A yard with the outline of an arrowhead doesn't have to be a head-scratcher.
In this final installment of a four-part series on challenging terrain, landscape designers explain how they conceive creative ways to commandeer acute sections with living spaces and install plants to obscure angles.
This week's edition: Triangle-shaped yards
The opportunity: Square it with flair.
How: It’s amazing what a few plants and pavers can accomplish.
Ben Bowen, head designer with Ross Northwest Watergardens in Portland, Ore., had a recent job where the yard narrowed at the back. To bring balance, his team started close to the house, planting medium-sized conifers that were wide at the base. Going out from the house, they planted narrower dwarf conifers.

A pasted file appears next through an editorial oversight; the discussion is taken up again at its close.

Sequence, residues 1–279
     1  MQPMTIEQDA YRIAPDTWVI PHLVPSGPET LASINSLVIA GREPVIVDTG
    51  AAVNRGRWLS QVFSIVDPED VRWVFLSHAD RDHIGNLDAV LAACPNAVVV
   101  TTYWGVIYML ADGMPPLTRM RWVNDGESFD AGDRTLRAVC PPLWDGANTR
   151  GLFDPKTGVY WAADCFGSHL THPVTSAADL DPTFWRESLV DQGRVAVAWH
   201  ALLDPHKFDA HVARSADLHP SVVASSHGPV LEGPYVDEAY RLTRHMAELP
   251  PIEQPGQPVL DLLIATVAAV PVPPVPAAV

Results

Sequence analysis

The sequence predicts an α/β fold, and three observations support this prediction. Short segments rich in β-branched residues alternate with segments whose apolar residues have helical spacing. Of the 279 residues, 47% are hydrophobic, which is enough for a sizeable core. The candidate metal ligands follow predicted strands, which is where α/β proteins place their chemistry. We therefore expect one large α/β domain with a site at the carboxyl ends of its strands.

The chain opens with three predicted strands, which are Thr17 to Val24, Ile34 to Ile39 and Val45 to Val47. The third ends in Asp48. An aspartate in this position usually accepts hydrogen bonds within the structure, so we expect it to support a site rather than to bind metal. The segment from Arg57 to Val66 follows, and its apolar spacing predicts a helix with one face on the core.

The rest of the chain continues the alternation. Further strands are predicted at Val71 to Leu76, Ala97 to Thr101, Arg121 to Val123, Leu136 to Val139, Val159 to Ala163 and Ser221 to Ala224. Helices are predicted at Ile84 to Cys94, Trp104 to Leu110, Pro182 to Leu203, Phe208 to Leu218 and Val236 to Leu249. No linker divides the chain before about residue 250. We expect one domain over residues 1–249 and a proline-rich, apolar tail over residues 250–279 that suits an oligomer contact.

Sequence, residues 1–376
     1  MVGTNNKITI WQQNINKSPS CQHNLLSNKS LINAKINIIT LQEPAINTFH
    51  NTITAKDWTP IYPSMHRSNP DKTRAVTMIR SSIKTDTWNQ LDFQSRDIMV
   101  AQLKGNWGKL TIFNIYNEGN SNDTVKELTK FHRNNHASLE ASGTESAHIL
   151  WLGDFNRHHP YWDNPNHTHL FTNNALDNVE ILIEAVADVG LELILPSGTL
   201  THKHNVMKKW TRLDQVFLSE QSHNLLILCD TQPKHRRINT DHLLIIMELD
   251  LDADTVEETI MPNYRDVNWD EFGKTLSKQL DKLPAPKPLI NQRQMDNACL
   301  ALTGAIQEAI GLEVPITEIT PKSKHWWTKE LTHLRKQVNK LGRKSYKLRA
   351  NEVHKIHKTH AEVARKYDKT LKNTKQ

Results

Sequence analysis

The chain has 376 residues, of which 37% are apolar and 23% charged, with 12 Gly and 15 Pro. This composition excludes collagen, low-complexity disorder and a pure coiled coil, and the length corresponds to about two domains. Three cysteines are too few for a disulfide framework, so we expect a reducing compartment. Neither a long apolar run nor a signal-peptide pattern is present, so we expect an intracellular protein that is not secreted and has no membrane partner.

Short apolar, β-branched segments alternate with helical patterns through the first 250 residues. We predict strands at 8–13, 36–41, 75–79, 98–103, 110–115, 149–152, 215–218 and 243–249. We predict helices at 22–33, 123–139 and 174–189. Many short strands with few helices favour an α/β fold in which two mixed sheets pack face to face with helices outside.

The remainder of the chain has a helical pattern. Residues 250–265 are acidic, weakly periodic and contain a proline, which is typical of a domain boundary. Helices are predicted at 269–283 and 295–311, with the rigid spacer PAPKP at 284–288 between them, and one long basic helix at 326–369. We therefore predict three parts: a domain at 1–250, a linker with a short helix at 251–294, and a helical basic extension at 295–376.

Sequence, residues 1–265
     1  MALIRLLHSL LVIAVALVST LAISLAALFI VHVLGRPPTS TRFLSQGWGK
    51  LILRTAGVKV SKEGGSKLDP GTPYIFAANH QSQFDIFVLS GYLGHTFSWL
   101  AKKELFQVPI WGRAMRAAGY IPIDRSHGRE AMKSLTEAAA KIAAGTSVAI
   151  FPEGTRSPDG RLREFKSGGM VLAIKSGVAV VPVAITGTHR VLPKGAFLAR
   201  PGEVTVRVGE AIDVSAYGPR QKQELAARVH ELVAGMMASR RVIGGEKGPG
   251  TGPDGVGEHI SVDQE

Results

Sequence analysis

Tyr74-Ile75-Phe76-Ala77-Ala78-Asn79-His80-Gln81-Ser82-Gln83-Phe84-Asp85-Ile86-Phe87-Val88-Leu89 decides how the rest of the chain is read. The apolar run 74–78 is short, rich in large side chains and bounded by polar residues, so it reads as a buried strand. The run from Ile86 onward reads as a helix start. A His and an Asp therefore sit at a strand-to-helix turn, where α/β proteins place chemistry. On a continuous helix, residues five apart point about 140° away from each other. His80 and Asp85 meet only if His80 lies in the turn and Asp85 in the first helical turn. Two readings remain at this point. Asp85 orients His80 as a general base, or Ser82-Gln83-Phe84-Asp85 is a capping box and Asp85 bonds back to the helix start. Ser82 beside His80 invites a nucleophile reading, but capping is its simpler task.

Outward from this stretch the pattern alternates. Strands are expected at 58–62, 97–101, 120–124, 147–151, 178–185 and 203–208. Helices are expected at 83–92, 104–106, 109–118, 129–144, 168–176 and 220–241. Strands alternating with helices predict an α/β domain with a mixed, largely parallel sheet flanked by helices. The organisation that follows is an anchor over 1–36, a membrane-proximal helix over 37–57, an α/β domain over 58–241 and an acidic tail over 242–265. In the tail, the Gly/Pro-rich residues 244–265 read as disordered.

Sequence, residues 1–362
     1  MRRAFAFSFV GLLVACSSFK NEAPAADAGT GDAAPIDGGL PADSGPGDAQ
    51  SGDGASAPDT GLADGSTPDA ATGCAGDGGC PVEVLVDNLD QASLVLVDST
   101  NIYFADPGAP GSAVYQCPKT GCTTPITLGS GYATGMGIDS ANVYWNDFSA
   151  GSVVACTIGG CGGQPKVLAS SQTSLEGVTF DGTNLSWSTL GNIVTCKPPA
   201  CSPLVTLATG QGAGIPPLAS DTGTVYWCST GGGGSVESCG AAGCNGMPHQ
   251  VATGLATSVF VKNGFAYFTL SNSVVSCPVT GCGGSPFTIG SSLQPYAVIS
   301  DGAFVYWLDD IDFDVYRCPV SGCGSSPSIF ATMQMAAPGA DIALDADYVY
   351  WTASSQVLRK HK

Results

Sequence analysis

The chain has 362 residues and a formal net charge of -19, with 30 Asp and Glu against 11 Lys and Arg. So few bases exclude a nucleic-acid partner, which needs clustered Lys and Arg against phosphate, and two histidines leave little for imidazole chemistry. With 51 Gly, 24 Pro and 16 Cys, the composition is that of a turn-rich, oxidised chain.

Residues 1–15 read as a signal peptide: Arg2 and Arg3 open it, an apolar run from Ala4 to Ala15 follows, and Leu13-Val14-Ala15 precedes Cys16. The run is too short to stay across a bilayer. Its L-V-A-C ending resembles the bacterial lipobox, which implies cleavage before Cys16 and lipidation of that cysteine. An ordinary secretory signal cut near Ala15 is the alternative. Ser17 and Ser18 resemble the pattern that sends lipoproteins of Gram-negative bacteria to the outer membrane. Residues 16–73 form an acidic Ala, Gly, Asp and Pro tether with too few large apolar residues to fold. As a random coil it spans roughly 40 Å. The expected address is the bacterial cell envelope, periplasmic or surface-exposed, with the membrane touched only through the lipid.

“It minimized the feeling of it narrowing as it went toward the back,” Bowen says.
Designers also can use hardscaping, such as pavers, patios and paths, to create strong parallel lines to a house. This imposes order and draws attention away from acute angles.
Another option is to divide and conquer with rooms. “Just because the lot is triangular doesn’t mean the rooms should be triangular,” advises Eric King, owner of King Landscaping serving the greater Atlanta area.
Determine where a natural room would be. It could be square or circular. Fill the remaining odd shapes with plants.